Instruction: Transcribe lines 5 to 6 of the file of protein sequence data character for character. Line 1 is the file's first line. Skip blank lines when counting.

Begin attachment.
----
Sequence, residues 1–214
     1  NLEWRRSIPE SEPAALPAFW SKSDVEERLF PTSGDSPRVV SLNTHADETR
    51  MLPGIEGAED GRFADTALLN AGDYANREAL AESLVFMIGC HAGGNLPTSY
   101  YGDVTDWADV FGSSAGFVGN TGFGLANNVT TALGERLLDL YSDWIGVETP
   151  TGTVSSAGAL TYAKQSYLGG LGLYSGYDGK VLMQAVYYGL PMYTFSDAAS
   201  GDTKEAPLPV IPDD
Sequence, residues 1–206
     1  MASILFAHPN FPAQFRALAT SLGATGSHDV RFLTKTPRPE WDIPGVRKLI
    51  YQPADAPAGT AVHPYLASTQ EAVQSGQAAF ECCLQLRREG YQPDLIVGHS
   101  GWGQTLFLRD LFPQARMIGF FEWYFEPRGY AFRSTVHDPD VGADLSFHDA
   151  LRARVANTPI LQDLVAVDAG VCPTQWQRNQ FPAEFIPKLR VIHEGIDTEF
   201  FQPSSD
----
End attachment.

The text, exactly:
   151  TGTVSSAGAL TYAKQSYLGG LGLYSGYDGK VLMQAVYYGL PMYTFSDAAS
   201  GDTKEAPLPV IPDD